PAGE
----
Columbus, Ohio has been selected as one of 50 Champion Cities that made the final list in the Bloomberg Philanthropies 2021 Global Mayors Challenge, a global innovation competition that identifies and accelerates the most ambitious ideas developed by cities in response to the COVID-19 pandemic.
These 50 urban innovations rose to the top of a competitive pool of more than 630 applications from 99 countries, in the first-ever Global Mayors Challenge.
As a Mayors Challenge finalist, Columbus now advances to the four-month Champion Phase of the competition.
From June through October, the 50 finalist cities will refine their ideas with technical assistance from Bloomberg Philanthropies and its network of leading innovation experts. Fifteen of the 50 cities will ultimately win the grand prize, with each receiving $1 million and robust multi-year technical assistance to implement and scale their ideas. Grand Prize Winners will be announced in early 2022.
“These 50 finalists are showing the world that in the face of the pandemic’s enormous challenges, cities are rising to meet them with bold, innovative and ambitious ideas,” said Michael R. Bloomberg, founder of Bloomberg LP and Bloomberg Philanthropies and 108th mayor of New York City.
“By helping these cities test their ideas over the coming months, we will have a chance to identify cutting-edge policies and programs that can allow cities to rebuild in ways that make them stronger and healthier, and more equal and more just.”
Columbus focused its application on bridging the digital divide. Approximately 12,000 students in the Columbus City School district lack affordable internet access. When the COVID-19 outbreak forced schools to transition to distance learning in March 2020, as many as 1 in 4 students did not fully engage in their distance learning opportunities due to lack of access.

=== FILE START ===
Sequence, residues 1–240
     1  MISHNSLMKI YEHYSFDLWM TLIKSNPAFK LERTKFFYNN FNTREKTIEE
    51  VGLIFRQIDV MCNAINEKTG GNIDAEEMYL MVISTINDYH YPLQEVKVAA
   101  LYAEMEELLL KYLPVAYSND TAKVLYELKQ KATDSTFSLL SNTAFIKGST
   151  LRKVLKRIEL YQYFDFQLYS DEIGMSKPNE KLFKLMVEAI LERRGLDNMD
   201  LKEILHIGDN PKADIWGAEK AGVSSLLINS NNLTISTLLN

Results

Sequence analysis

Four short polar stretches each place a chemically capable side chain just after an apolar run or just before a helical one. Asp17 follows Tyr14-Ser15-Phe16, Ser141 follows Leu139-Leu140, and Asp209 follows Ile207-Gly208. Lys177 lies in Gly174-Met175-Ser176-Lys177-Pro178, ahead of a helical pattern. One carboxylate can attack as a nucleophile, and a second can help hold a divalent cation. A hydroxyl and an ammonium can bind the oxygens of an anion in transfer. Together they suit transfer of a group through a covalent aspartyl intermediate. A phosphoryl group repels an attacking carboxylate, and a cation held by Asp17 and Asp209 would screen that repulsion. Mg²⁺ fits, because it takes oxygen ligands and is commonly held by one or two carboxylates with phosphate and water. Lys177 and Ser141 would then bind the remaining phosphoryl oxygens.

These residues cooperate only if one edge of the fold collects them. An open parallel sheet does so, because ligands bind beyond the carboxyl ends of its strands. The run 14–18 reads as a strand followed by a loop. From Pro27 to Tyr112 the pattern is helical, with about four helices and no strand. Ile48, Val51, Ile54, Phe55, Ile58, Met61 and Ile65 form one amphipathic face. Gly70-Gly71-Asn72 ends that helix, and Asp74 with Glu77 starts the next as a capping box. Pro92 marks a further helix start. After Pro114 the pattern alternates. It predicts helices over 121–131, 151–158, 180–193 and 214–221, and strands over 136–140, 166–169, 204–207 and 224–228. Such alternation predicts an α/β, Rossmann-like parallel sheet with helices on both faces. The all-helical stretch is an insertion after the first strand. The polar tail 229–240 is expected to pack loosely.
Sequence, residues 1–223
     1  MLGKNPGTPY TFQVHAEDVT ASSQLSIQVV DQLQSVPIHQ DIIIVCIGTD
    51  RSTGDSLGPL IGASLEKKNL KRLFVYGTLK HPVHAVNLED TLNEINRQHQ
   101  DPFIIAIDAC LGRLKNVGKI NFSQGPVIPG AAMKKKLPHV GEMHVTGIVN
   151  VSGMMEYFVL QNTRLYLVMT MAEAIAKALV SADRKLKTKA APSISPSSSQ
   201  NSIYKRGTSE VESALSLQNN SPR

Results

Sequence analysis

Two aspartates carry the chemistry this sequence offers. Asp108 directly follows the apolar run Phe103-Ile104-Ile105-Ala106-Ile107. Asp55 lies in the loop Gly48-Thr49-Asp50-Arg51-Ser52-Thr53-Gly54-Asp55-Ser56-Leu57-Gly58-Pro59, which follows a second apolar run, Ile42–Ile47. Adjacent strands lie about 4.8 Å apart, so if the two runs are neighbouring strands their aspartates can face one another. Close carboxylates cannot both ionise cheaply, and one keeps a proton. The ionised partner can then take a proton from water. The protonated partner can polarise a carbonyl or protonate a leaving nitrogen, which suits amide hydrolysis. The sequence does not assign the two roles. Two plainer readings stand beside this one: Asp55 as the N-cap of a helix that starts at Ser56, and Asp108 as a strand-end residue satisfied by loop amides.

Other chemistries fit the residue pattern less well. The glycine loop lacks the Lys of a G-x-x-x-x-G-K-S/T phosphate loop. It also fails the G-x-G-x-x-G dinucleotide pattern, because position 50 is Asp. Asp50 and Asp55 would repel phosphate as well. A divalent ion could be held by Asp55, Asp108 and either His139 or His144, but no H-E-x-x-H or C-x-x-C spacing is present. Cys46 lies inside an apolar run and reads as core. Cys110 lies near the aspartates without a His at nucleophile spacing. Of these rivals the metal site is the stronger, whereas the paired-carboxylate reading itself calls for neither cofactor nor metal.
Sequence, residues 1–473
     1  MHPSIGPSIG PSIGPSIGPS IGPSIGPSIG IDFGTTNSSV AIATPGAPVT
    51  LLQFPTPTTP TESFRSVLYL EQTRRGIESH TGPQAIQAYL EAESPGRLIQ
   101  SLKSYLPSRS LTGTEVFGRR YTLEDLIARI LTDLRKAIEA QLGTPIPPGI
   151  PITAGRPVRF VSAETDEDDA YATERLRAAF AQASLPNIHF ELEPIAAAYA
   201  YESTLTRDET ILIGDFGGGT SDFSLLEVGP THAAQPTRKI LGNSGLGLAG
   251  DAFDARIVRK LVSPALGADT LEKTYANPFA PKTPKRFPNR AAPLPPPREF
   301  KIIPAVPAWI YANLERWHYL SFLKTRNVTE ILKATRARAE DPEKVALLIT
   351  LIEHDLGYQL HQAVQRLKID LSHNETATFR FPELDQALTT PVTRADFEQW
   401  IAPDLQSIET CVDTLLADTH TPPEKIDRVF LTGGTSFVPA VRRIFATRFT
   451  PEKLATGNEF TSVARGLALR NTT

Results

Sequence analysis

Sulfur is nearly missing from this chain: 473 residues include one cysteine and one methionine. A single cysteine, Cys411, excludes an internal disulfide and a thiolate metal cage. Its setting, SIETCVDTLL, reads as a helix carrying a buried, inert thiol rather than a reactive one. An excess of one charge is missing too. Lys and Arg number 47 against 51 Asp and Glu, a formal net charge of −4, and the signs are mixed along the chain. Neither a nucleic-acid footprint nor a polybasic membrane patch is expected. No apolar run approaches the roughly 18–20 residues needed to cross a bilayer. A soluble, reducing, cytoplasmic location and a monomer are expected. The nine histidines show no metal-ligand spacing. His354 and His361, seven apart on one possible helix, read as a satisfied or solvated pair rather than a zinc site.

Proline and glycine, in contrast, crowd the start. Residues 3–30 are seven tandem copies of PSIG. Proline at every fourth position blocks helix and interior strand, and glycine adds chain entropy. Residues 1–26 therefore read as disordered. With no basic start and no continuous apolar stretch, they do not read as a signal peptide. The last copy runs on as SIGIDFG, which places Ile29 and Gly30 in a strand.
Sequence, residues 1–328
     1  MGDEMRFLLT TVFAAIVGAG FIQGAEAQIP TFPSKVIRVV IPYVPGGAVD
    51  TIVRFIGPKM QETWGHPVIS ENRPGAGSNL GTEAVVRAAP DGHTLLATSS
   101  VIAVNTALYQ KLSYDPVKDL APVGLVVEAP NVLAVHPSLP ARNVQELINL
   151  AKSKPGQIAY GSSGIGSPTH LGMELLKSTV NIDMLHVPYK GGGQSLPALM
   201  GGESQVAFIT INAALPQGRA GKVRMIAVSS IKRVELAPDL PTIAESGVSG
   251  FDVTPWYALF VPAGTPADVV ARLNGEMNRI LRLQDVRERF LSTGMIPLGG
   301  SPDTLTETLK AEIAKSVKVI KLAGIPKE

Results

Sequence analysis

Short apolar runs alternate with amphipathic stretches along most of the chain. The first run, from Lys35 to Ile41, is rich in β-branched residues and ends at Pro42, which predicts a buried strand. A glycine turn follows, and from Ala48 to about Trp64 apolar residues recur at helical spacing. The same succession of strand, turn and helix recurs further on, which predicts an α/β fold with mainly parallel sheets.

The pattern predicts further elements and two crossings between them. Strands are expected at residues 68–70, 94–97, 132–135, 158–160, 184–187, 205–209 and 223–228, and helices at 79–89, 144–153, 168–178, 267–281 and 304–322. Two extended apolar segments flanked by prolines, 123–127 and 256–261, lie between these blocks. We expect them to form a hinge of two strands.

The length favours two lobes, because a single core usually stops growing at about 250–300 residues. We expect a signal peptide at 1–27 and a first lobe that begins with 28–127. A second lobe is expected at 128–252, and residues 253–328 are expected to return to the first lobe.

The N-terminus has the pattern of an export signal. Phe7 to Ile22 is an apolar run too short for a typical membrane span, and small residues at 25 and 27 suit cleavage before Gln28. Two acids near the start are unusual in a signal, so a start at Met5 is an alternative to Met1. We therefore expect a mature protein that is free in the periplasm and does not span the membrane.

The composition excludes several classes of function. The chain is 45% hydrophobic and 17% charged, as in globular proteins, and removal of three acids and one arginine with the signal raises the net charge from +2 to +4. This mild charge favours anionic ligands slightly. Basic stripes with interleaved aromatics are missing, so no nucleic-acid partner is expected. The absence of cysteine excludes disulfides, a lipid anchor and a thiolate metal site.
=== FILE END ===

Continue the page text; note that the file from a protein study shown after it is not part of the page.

Families were also impacted by a lack of access to job markets, healthcare, food sources, home delivery services and other vital resources that are enabled by a digital economy built via access to the internet.
Low-income households make up 25.9% of all households in Franklin County but account for 68.9% of households without broadband. Columbus plans to enable every resident to have internet access they can afford.
“We are honored that the Bloomberg Mayors Challenge has chosen us from over 500 other cities across the world,” said Mayor Andrew J. Ginther.
“We look forward to working to find ways to provide affordable internet to our underserved neighbors, a critical need that is keeping so many of our residents from schoolwork, doctor’s appointments and jobs.”
The 50 Champion Cities submitted ideas addressing four of the most significant challenges borne of the pandemic: Economic Recovery & Inclusive Growth; Health and Wellbeing; Climate and Environment; and Good Governance and Equality.
A prestigious selection committee co-chaired by Bloomberg Philanthropies board member Mellody Hobson, Co-CEO/President, Ariel Investments, and David Miliband, President/CEO, International Rescue Committee, assessed the applications to determine the Champion City finalists.
“This is always an especially exciting phase of the Mayors Challenge, helping mayors push their innovations to even greater heights,” said James Anderson, head of Government Innovation at Bloomberg Philanthropies.
“While 15 cities will ultimately take-home grand prizes, all 50 cities receive world class coaching and support to improve their ideas and their potential to improve lives.”
The 2021 Global Mayors Challenge builds on the success of four previous Bloomberg-sponsored Challenges in the U.S. (2013 and 2018), Europe (2014), and Latin America and the Caribbean (2016).
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